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Am Fam Physician. 2006;73(5):764

Swimming with the dolphins may be more than just a summer vacation activity. According to authors of a study published in the British Medical Journal, swimming with dolphins may alleviate depression more effectively than swimming alone. Scientists studied 30 patients with mild to moderate depression as they participated in water therapy alone or with bottlenose dolphins. All of the patients discontinued their antidepressant medications or psychotherapy at least four weeks before the study. In the end, nine out of 10 patients who interacted with the dolphins reported lasting improvement in their symptoms and needed no additional treatment even three months after the study ended. Only three patients in the group who did not work with the dolphins claimed the same results. The study authors say that these results may help prove the theory that human health is dependent on our connection and interaction with nature. (BMJ, November 26, 2005)

Expectant mothers working nights may be surprised by an early delivery, according to a report in Obstetrics & Gynecology. Researchers interviewed 1,900 women in their seventh month of pregnancy. The women were surveyed about their occupations, weekly hours worked, time spent standing, and other work-related issues. Researchers determined that approximately 9 percent of the women who worked nights in their first trimester had a 50 percent increased risk of premature labor. The authors believe that this increased risk may be caused by interference in the womb’s normal night activity; however, they agree that further investigation is needed to determine the true cause of the relationship. (Obstet Gynecol, December 2005)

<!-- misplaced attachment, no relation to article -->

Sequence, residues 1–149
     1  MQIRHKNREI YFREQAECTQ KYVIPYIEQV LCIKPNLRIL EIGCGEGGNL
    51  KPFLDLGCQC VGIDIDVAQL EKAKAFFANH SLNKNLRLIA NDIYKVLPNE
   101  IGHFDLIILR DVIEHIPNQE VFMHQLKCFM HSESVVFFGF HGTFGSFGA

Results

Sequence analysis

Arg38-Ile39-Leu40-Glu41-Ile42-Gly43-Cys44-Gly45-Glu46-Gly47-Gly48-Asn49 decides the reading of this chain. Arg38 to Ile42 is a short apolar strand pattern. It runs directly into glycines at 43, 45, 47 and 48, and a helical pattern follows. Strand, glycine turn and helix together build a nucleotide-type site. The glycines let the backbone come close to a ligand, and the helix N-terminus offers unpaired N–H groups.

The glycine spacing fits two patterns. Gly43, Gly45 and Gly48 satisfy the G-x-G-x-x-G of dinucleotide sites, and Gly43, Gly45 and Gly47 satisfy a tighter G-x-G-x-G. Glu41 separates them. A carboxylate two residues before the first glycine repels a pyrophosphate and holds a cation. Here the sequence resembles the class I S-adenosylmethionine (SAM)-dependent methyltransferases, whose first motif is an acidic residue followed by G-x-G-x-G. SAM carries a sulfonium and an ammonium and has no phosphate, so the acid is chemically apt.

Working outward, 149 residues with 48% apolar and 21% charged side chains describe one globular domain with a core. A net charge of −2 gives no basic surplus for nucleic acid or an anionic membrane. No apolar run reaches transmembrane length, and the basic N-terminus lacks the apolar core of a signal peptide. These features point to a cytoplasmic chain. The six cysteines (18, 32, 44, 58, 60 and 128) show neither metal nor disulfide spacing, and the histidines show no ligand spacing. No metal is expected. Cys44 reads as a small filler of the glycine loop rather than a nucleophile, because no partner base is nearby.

Monitoring your own brain scan and using mind strategies may make pain more tolerable, according to research published in the Proceedings of the National Academy of Sciences. The authors say that doing mental exercises while watching personal brain scans helps to ease physical pain. Thirty-six participants were studied as heat was applied to the palms of their hands. Each person had the temperature set at a level considered to be painful for him or her. Eight people in the group were taught mental exercises to train their minds to react to the heat differently (e.g., thinking of it as a pleasurable rather than a painful experience). As these participants used the mind strategies, they were shown magnetic resonance imaging scans of the rostral anterior cingulate cortex of their brain. In the end, those eight participants showed a greater ability to modulate their responses to pain. The others, who were shown no scans, scans of a different part of their brain, or the scans of other people, but who still used mind exercises, had no change in their responses to pain. (PNAS, December 20, 2005)

Married couples beware: frequent fighting and harsh words are hazardous to your health. According to a report in the Archives of General Psychiatry, couples who have antagonistic relationships have higher stress levels and take more time to heal after injury than couples who fight less often. Researchers studied 42 healthy couples who had been married an average of nearly 13 years and were 22 to 77 years of age. They analyzed the relationship between each couple’s discussions or arguments and the healing process of blisters on each person’s arm. The researchers observed that blisters took longer to heal following a fight than after calm discussions. They also found that argumentative couples were slower healers in general compared with their more happily married counterparts. The researchers theorized that stress caused by hostility could increase the risk of developing serious mental and physical health problems. (Arch Gen Psychiatry, December 2005)

Scientists are trying to develop a “super broccoli” for people wanting to ward off cancer. Although broccoli already has some anticancer elements, the genetic makeup of some people does not allow them to receive its full cancer protection benefits. According to the study published in the American Journal of Clinical Nutrition, almost 50 percent of the population lacks the gene GSTM1, which helps people retain the chemical sulforaphane contained in broccoli. Therefore, a team of scientists is working to develop a broccoli that contains extra sulforaphane. The team says that people who lack the GSTM1 gene can consume “super broccoli” and preserve the same amount of the beneficial chemical as those who have the gene. (Am J Clin Nutr, December 2005)

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